Why your organization should be using open document standards

Microsoft has the enterprise market cornered with its Office productivity suite. Skill with Outlook, Excel and Word is pretty much required in the corporate world. As a result, most companies have significant data tied up in the proprietary binary file formats doc and xls.

This is not to mention all the web-based software designed for Internet Explorer (and usually an obsolete version of IE like 6) which is a similar issue to the vendor lock-in problem. Corporations still overwhelmingly use IE6 as their default browser, but the missed opportunities related to browsers in industry is a topic for another day.

In Office 2007 Microsoft has made its XML-based formats (docx, xlsx) the default, which was certified as an open standard by Ecma International in 2006, and then by ISO in late 2008. But did we really need a second open document standard? We already had OpenDocument, which was an ISO standard as far back as 2006.

OpenDocument is now supported in Office Word 2007 SP2, and there are only a few formatting issues noted by me in informal testing. There are issues around the formula handling in Excel, as Microsoft built support on the 1.1 version of the standard instead of the newer 1.2 and thus strips formulas from ODF spreadsheets even if they’ve been created using the Excel add-in. For the time being businesses might be safer using Office Open XML.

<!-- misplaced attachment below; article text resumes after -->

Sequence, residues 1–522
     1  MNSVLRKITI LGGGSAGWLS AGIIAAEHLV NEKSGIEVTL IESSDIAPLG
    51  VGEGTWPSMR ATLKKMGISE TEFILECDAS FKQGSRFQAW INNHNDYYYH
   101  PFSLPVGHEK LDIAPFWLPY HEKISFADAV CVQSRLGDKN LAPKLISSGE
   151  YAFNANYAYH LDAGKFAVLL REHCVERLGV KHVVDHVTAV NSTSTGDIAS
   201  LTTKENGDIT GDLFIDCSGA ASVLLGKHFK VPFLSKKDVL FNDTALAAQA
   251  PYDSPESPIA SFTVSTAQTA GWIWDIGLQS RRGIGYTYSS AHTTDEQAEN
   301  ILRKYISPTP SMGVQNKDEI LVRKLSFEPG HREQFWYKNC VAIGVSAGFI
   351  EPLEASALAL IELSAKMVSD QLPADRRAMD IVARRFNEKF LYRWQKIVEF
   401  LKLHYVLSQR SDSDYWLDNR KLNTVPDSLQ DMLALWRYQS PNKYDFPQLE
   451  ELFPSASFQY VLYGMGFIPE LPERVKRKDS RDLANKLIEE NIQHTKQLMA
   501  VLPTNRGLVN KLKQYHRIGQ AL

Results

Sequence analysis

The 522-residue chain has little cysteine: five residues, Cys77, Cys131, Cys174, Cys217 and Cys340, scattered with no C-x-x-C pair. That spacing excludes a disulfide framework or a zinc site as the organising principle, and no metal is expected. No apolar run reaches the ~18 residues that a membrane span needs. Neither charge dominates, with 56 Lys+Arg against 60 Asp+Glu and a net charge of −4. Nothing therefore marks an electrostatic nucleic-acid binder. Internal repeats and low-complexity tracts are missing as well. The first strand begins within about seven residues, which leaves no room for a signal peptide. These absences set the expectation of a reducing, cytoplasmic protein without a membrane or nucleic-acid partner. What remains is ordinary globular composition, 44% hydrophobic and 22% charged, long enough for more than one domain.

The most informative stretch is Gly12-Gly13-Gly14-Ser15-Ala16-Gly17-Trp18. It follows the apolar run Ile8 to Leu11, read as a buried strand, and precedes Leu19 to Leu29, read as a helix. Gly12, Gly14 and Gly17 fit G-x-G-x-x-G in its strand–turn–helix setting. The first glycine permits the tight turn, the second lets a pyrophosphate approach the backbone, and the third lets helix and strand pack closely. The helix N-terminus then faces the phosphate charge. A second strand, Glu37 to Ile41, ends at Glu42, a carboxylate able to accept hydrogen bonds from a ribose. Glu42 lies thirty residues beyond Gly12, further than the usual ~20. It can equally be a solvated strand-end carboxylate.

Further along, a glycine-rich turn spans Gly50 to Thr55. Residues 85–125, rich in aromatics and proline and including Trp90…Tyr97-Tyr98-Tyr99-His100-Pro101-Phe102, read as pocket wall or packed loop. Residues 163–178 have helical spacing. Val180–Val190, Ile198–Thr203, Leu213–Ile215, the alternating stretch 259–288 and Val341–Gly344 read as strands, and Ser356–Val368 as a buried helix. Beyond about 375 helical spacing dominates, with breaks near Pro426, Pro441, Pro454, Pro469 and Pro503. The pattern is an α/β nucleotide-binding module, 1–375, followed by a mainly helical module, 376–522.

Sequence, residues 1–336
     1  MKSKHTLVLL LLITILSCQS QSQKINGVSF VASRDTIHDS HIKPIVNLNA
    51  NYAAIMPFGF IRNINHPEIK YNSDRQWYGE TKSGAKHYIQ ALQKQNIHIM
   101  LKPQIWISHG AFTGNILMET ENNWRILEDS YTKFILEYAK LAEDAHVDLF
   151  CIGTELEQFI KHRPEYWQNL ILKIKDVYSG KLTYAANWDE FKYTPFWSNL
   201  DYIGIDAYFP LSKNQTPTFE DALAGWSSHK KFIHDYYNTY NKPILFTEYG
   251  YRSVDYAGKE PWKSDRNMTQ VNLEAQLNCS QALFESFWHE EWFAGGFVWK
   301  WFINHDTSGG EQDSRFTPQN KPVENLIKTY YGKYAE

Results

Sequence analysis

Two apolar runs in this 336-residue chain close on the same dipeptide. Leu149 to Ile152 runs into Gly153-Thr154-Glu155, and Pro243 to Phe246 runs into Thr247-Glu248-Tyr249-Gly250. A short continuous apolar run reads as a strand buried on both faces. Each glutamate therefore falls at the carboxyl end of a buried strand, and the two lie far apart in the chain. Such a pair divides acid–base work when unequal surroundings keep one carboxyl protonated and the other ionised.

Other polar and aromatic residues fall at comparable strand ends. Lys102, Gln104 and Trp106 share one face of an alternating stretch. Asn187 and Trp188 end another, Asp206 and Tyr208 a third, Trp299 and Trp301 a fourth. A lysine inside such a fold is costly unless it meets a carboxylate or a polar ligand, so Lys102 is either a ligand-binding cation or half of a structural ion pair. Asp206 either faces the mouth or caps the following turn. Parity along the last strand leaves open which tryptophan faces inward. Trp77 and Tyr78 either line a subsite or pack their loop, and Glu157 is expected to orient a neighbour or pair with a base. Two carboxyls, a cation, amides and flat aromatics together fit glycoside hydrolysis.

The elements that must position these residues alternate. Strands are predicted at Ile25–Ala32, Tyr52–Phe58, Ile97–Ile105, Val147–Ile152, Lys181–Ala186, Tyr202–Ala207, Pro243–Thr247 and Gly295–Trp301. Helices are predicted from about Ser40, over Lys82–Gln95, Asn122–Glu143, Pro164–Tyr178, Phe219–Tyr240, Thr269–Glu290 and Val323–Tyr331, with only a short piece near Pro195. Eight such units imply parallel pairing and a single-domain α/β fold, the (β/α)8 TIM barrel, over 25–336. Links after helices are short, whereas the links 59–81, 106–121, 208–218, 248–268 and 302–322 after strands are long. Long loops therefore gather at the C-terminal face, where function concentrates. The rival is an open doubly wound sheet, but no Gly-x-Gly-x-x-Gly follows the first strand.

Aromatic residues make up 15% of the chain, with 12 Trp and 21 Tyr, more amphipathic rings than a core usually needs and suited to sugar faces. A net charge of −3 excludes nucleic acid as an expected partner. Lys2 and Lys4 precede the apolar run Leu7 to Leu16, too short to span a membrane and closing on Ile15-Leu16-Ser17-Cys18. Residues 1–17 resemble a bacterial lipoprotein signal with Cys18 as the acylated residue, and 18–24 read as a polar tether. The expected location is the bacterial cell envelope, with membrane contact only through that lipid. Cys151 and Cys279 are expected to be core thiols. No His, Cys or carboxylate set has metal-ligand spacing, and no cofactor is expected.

Despite this, ODF is the future. Rob Weir puts it succinctly:

With an open standard, like ODF, I own my document. I choose what application I use to author that document. But when I send that document to you, or post it on my web site, I do so knowing that you have the same right to choose as I had, and you may choose to use a different application and a different platform than I used. That is the power of ODF.

There is a plugin available from Sun for older versions of Word, including: Microsoft Office 2000, Office XP, Office 2003, Office 2007 (Service Pack 1 or higher) or the equivalent stand-alone version of Microsoft Office Word, Excel or PowerPoint.

Governments and educational institutions have been making the move to OpenDocument, and it’s time for the private sector to follow suit. Preserving the integrity of data within critical files should be a top priority. OpenOffice.org is a free and open source productivity suite that with its latest 3.0 release has reached a level of maturity appropriate for business use, and its implementation of the ODF standard is without the caveats associated with Microsoft’s.

The most important benefit is the freedom to choose how to view and edit your data within documents and spreadsheets. But the cost differential between OpenOffice.org and Microsoft Office should also be a factor. And the history of Microsoft’s unique interpretation of the term ‘interoperability’ should be considered if your business chooses to continue to use closed standards.